"The Rev. S. B. Wilson came to the church in 1902 for a five year stay during which time the W.M.U. was organized, the membership increased and 'the church progressed.'
"Plans for a bigger and better building for services were launched while Keller served (from 1907 to 1911), and the new building was completed while J. K. Reid (1911-1913) was pastor.
"He was followed by S. J. Beeker who came to the group from Leaksville Institute and, during his short term of service in 1913, the church debt was paid off and the new building dedicated.
"The late Rev. H. T. Allison took over in 1913 and in 1917 died in pastorate.
"The B.Y.P.U. was organized during the pastorate of J. F. Davis, from 1917 to 1919, and he was succeeded by the Rev. J. A. Hackney who remained until 1922.
"C. W. Hood took over in 1926 and in the same year, W. S. Tillman succeeded him. Under Tillman the parsonage was build, an annex built, property fronting highway 86 was acquired and some 60 persons were baptized in Walters Mill have a revival.
"The Rev. Karl Stukenbroke held the pastorate from 1932 to 1934.
The Bee (Danville, Virginia) 22, September 1962, Saturday, Page 3.
In the summer of 1859, Brother S. G. Mason, pastor of the Yanceyville Missionary Baptist Church began preaching one Saturday of each month at Moon's Creek Meeting House, which belonged to the Anti-Missionary Baptist Church.
In 1860 the meetings were moved to Sergeant's schoolhouse because some of the Anti-Missionary group objected to the Missionary group using their building.
Steven Sergent, who was a member of Moon's Creek congregation, did not agree with their anti-missionary beliefs. He forthwith gave the missionary group a one room school house building and ample land and joined their congregation. This was across the road from where the present Providence Church stands. Later this land was traded to C. B. Flintoff for land where the present Providence Missionary Baptist Church stands.
In 1862, the Yanceyville Church granted the Providence arm of the church the right to hold meetings and secure the right of preaching the word, reception and dismissal of members, administration of the ordinances, and the exercise of discipline. During that year the first church house for Providence was built. Some 65 persons were on the membership rolls. The first record of contributions to missions was in that year, also.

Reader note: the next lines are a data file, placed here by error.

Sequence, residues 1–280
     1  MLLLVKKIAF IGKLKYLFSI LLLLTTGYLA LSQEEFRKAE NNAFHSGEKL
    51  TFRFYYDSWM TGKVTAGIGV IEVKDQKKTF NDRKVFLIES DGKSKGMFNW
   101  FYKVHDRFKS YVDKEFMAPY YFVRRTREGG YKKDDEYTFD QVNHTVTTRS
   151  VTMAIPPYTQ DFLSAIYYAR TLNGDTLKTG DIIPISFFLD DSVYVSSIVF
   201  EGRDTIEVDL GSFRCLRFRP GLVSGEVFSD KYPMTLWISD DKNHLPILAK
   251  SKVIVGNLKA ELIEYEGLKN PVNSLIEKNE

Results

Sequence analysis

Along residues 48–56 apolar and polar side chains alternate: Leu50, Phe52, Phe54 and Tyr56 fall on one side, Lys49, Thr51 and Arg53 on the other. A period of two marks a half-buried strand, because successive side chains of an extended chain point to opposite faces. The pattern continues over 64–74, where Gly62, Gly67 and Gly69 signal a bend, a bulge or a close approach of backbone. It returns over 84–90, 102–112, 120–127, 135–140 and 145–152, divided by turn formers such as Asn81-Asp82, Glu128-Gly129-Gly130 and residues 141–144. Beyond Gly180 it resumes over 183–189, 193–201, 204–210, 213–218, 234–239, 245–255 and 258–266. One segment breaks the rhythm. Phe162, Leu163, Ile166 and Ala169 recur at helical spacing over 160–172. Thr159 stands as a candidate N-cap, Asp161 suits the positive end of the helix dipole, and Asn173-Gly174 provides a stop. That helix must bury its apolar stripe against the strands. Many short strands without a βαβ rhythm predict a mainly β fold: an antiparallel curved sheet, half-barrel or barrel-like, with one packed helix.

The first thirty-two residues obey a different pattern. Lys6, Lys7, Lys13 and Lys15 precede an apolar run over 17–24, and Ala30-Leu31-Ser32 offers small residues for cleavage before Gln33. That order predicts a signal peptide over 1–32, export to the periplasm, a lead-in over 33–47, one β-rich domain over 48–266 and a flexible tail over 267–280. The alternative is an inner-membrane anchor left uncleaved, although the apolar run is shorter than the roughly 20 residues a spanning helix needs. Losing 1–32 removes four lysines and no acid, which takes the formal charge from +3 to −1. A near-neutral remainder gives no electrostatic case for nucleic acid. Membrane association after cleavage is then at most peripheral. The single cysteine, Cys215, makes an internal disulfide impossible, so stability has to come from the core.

In May 1874 the Providence arm of the Yanceyville Baptist Church was constituted into an independent church and began "keeping house for the Lord."
In 1887 we find the first record of a preacher being employed at a fixed salary. C.A.G. Thomas was called at a salary of $125.00 for the year.
A larger church building, with some Sunday school rooms, was built in 1912 to take care of the increased membership.
The church grew and its third worship house was built in 1962. The old building continued in use as Sunday school rooms, etc., until the present educational building was completed in 1978. Then the old building was torn down and removed.
In 1990 an elevator was installed. Rev. Barry Crocker, Louie and Connie Oakley went on a Mission trip to Cost Rica. Louie and Connie also went on other Mission trips to Costa Rica in 1993 and 1995. In 1991, 12 chandeliers were hung in the sanctuary and a new sound system was installed. In 1992, the fellowship hall was remodeled. In 1995, a new sign for the front of the church was purchased and plexi-glass was put over the stained glass windows of the church, also a volleyball court was added and the church grounds were landscaped. In 1992 and 1994 there were Mission trips to West Virginia, each time clothes, food and toys were taken, and each time the estimated value was over $3,000. In 1995, the first Youth pastor was hired, Bruce Morgan, and a new piano was purchased. In 1998, new play ground equipment was given by L. Aubrey Goodson, Jr., Nancy G. Parrott, and Neal Goodson, the children of Louie and Lenna Goodson. In 1999, a Disaster Relive tram went to the NC coast to rebuild and repair homes destroyed by Hurricane Floyd. The team was made up of 12 men, youth and 2 women. Also, a truck of supplies went with them for the victims.
Later the parking lots on both sides of the church were paved.
Today the church continues to grow. A large youth and young people's department assures there will continue to be a Providence Missionary Baptist Church in the future.
Pastors who have served Providence Missionary Baptist Church: Revs. S. G. Mason, Jesse Wheeler, T. H. Walker, B. H. Phillips, J. A. Lamberth, C. G. Jones, C. A. G. Thomas, S. G. Mason (again), S. B. Wilson, Wingate, J. B. Jones, J. E. Armstrong, D. J. Harris, D. A. Keller, J. K. Reid, S. L. Becker, H. T. Allison, J. F. Davis, J. A. Hackney, R. W. Prevost, Hugh Nichols, C. W. Wood, W. S. Tillman, Karl Stukenbroke, Frank L. Israel, W. T. Smith, B. C. Lamb, Roy D. Keller, Charles O. Jenkins, Howard Laney, Allen Thompson, Talmadge Wilcox, Claude Harrelson, Barry Crocker, Dan Wackerhagen, Steve Conerly, Kenneth Clark.
Rev. Clark is still serving at this time (1998) and the church is growing in members and service for the Lord. Rev. Bruce Morgan was engaged to minister to the children and youth in 1995 and also there has been a very favorable growth in this area.
Source: Scott, Jean B., Editor. In the Beginning . . . The Churches of Caswell County (c.1998), pp. 80-81.
Note: The reference to the Yanceyville Missionary Baptist Church is to First Baptist Church of Yanceyville. And the reference to the Anti-Missionary Baptist Church probably is to the Moon's Creek Primitive Baptist Church.